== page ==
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AboutUs Lets You Describe The Web

AboutUs is a Wiki designed to allow people to write comments about other Web sites. It currently contains listings for 3 million sites, the vast majority populated by whois records, with related links and a Google Map added for each page. Intriguing idea, but I fear it's the kind of thing that needs a critical mass to become useful, and needs to be useful before it ac

AboutUs is a Wiki designed to allow people to write comments about other Web sites. It currently contains listings for 3 million sites, the vast majority populated by whois records, with related links and a Google Map added for each page. Intriguing idea, but I fear it's the kind of thing that needs a critical mass to become useful, and needs to be useful before it accumulates a critical mass.

I checked out the entry for InformationWeek. I can't vouch for the accuracy of everything there, though I don't see anything particularly offensive. The description seems to be a cut-and-paste from our About Us page. I don't recognize the name of the person listed as a contact; I'm guessing he's the person listed as the contact on our domain registration.

I can see a lot of potential for this. Let's say I'm looking up medical information. I see some interesting stuff on a Web site somewhere -- but I've never heard of that site. Is the information good, or bogus? I go to Aboutus to see what other people say about that site.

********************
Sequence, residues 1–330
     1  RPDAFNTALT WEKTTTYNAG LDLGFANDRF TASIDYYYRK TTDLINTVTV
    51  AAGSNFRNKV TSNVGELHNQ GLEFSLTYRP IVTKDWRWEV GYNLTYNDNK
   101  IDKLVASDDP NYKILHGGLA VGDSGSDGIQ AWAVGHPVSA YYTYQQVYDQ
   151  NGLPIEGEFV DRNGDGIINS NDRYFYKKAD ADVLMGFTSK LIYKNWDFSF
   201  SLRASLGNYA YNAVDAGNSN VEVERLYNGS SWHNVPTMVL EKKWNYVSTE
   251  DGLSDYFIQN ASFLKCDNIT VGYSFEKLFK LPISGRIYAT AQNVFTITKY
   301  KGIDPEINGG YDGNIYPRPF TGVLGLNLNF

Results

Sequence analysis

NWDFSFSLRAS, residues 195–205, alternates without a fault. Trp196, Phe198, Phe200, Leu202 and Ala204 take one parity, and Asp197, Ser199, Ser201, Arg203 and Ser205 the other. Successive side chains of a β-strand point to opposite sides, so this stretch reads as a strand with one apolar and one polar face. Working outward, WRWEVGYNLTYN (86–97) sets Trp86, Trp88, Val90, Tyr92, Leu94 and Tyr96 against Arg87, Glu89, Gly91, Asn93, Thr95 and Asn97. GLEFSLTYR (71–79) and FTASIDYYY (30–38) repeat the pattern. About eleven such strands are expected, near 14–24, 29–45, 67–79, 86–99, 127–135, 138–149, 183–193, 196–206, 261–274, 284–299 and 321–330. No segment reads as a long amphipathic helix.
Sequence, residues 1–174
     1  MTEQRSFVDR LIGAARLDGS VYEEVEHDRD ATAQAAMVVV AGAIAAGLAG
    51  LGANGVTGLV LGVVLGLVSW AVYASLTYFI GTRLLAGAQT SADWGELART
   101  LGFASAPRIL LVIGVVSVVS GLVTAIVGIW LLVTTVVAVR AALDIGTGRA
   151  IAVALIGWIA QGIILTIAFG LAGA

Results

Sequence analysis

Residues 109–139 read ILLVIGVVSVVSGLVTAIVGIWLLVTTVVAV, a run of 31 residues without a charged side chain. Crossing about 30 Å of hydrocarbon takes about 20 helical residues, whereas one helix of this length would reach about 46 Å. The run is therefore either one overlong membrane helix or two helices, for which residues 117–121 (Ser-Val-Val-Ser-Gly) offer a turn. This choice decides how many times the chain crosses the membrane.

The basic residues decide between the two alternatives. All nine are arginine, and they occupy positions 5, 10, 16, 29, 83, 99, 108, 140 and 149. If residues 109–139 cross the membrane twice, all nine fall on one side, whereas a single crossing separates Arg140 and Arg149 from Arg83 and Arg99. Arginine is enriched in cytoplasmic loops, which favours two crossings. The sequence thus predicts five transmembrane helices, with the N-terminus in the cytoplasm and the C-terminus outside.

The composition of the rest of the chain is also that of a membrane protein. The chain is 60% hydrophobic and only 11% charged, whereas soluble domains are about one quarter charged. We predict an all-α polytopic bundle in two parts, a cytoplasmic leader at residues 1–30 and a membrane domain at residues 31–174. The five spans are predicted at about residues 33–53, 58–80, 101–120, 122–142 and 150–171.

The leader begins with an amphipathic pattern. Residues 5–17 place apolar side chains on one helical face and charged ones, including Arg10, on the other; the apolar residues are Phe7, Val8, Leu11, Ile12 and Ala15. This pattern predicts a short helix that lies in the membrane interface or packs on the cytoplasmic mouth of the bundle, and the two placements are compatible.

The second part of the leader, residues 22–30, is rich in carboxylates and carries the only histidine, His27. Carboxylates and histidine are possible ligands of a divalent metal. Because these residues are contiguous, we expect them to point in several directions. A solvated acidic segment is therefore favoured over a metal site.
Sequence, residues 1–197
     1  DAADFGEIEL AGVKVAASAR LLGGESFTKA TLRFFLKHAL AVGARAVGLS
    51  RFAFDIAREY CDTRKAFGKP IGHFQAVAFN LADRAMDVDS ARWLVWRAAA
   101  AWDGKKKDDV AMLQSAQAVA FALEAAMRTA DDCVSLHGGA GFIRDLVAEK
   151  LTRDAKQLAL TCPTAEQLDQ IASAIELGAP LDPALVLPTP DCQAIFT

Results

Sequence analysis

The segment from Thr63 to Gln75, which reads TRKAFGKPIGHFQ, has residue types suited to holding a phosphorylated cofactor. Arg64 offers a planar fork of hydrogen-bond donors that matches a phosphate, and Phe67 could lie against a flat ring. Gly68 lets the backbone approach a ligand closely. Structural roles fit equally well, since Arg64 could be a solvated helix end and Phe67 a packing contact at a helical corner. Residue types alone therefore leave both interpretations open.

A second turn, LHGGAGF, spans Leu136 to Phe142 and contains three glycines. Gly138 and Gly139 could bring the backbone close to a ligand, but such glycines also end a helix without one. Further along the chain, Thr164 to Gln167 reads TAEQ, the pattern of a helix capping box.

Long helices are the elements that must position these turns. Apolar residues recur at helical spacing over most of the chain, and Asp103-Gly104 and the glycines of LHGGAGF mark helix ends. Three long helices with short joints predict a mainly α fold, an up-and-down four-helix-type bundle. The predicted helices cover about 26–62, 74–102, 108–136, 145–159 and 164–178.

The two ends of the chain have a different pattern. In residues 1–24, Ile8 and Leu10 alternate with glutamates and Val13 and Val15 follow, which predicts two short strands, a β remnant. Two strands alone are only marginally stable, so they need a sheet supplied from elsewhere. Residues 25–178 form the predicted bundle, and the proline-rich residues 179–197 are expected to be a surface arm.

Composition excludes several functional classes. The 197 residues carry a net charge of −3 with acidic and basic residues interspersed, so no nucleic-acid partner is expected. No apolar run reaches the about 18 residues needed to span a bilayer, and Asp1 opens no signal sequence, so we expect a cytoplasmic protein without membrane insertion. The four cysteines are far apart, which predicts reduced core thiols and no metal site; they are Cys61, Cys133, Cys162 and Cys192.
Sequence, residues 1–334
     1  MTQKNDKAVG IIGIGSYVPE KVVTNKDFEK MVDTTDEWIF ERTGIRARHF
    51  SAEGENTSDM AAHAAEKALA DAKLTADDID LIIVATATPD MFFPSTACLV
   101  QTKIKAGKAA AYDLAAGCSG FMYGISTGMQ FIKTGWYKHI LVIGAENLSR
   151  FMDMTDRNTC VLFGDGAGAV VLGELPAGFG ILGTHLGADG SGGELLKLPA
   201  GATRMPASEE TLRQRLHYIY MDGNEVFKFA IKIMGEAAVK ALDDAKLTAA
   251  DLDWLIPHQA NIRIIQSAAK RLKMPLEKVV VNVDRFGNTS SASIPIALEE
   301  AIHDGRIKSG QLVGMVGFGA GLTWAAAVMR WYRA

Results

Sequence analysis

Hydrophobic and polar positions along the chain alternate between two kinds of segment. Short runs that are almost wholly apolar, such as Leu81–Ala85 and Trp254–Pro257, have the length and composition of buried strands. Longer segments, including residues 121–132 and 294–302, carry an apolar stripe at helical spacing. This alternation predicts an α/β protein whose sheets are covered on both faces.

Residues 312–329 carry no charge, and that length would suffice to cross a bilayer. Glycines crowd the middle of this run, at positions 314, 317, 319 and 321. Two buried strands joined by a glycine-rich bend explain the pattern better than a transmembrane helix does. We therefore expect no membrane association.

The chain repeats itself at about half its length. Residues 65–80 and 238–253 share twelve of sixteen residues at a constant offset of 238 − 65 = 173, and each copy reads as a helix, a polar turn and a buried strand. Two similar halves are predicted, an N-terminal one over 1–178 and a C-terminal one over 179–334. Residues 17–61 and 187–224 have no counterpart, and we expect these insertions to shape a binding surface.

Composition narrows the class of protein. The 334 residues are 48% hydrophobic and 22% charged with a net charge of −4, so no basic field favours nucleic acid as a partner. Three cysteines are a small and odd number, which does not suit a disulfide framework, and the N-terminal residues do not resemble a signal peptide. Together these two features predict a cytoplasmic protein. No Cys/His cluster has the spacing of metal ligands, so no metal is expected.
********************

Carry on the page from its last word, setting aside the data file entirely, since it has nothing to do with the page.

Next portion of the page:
Similarly, let's say I'm buying a laptop computer. I decide on the make and model, and I've done some searching around and found a great price for secondhand units. But I never heard of the site that's making the sale. Is it reputable? Go to Aboutus to find out.

Similarly: I find a site that contains some great info about a political issue I've been interested in. But what's the bias of the site's publishers? Aboutus could tell me.

However, Aboutus will only be able to do those things if people use Aboutus. And people won't use it unless it can already do those things. That's a Catch-22 that's common with a lot of Web 2.0 projects, like Wikipedia, Digg, and MySpace. They're not useful until a lot of people use them, and a lot of people won't use them until they're useful. Clearly, many sites have been able to overcome that Catch-22; we'll see if AboutUs does.

There's already other ways to do some of the things that Aboutus can potentially do -- blogs, Wikipedia, creating an alternate Web site, comments on Web sites -- but they all have limitations.

The underlying software is MediaWiki, the same software used on Wikipedia, which gives AboutUs the same look and functionality as Wikipedia.

Here's the AboutUs page for AboutUs